In the absence of noise, and assuming that the pulse detector 404 does not prematurely declare detection, the “Averaged Received Pulse” will be a cyclically shifted version of the cyclic convolution (also known as the periodic convolution) of the “Transmitted Pulse” and the overall channel impulse response. Assuming that the minimum delay of the overall channel impulse response is zero, the amount of negative cyclic shift is equal to the difference between the time of detection and the time of beginning of transmission. In the presence of noise, the “Received Pulse” will be a cyclically shifted version of the cyclic convolution plus some noise. Thus, the “Averaged Received Pulse” output from the pulse calculator 430 is an estimation of the cyclic convolution of a training pulse and the overall channel impulse response.
The pulse train processor 406 includes a DFT 444 to compute the discrete Fourier transform of the “Averaged Received Pulse”. The pulse train processor includes a divider 446 for removing the effect of the transmitted pulse from the cyclic convolution. In particular, denoting the DFT 444 output as U(m), where m denotes the sample index that varies from 0 to (M−1), and denoting the DFT of a “Transmitted Pulse” as V(m), the divider 446 divides U(m) by V(m) to effectively cancel out the effect of the transmitted pulse and obtain the DFT, denoted as K(m), of a cyclically shifted version of the overall initial channel impulse response. Recall that the “Transmitted Pulse” was chosen such that V(m) is non-zero for all m, and hence division by zero is avoided. The DFT of the “Averaged Received Pulse” may be computed by using the Fast Fourier Transform Algorithm (FFT). The DFT of the “Transmitted Pulse” (V(m)) may be pre-computed by the FFT algorithm and stored in the training signal processor 400. From K(m), the pulse train processor 406 computes the following three quantities, as described in greater detail below:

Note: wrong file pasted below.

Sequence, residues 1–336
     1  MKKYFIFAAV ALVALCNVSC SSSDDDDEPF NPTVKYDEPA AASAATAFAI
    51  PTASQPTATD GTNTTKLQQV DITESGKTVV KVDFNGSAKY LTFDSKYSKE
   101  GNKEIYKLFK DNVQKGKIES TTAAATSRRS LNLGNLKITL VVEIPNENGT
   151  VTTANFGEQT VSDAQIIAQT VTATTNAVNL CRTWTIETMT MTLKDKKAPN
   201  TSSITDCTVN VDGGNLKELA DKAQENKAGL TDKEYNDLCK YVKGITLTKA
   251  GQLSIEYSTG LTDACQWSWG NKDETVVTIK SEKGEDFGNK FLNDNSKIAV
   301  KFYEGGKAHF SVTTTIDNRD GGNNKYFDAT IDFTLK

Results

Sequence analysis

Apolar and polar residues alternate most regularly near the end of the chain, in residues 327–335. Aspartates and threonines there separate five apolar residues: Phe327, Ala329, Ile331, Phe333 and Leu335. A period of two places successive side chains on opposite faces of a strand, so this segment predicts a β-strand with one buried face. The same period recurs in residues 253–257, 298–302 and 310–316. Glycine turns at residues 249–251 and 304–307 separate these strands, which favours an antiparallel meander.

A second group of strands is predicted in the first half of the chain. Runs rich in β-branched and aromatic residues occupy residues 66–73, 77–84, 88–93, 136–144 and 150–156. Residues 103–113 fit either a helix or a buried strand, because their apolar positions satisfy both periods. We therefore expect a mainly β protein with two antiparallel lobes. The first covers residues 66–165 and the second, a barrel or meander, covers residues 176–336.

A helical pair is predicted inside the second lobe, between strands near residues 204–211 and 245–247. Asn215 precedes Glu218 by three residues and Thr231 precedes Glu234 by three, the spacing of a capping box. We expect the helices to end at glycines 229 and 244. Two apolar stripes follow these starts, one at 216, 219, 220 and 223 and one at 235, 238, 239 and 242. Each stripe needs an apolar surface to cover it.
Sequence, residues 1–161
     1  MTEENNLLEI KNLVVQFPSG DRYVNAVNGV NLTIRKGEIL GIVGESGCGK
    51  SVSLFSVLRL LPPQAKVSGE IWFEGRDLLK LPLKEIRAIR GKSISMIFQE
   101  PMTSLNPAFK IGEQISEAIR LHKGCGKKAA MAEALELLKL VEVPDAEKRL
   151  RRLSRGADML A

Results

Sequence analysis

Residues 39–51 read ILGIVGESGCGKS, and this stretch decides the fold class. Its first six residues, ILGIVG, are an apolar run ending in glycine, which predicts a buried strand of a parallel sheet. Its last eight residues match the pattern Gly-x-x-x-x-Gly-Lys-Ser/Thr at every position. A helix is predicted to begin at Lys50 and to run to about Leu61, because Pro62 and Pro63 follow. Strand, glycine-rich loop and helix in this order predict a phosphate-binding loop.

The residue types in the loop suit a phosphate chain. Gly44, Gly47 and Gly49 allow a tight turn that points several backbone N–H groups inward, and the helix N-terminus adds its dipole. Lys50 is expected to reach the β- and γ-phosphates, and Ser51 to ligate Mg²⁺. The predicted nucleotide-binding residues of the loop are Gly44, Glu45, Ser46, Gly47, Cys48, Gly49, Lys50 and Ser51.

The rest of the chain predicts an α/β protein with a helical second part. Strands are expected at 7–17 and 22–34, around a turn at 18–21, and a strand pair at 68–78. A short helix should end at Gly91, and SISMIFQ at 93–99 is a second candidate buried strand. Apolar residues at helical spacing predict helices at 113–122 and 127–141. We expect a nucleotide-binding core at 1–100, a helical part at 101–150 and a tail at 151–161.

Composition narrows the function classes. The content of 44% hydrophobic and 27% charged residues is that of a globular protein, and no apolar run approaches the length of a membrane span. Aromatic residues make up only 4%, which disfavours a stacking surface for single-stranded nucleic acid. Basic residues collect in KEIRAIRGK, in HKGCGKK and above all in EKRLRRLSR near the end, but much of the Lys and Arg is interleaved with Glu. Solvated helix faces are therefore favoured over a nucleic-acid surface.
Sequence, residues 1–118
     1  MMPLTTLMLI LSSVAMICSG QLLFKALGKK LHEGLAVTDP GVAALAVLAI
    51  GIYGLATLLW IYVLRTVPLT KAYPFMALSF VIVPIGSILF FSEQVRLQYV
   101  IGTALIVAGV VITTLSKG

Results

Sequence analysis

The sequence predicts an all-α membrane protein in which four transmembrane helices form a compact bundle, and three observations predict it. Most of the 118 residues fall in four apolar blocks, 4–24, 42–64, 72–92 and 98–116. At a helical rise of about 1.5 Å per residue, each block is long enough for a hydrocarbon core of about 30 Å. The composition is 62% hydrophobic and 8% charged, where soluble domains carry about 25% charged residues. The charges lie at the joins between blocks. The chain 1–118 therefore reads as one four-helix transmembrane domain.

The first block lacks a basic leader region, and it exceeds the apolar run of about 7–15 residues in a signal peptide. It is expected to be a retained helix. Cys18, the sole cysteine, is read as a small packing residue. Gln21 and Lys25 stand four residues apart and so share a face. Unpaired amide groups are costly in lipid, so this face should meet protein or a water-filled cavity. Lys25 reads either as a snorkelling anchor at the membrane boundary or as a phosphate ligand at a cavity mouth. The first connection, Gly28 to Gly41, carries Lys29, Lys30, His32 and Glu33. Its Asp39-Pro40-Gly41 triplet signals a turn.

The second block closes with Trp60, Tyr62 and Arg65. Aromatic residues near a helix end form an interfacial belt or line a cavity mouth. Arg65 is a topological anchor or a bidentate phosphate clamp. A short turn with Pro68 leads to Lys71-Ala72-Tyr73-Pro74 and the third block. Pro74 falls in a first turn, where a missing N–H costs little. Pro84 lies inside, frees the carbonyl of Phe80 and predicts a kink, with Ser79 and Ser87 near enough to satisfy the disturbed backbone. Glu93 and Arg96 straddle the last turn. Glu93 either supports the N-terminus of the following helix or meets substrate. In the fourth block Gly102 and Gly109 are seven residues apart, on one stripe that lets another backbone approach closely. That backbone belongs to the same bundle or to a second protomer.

With reference to
Preferably, the target channel transfer function calculator 448 produces an output G(m) that does not vary with the time-domain cyclic shifts of the input K(m). To explain this mathematically, recall that if K(m) is cyclically shifted in time domain by m0 units in the positive direction, then its M-point DFT becomes K(m) exp(−j2pi m0/M). Now, regardless of the value of m0, if K(m)exp(−j 2 pi m0/M) is fed into the target channel transfer function calculator, the output should be G(m), that is the same as if m0=0.
Although a number of different configurations could be used to output such an output G(m),
The resulting size-L vector is fed into a size-L inverse discrete Fourier transformer (IDFT) 456 to produce another size-L vector. As the IDFT will typically be implemented using an inverse fast Fourier transform algorithm, for reasons of computational efficiency, L is preferably chosen as a power of 2 or a product of powers of small integers such as 2 and 3. However, if L itself is small, this criterion need not be used.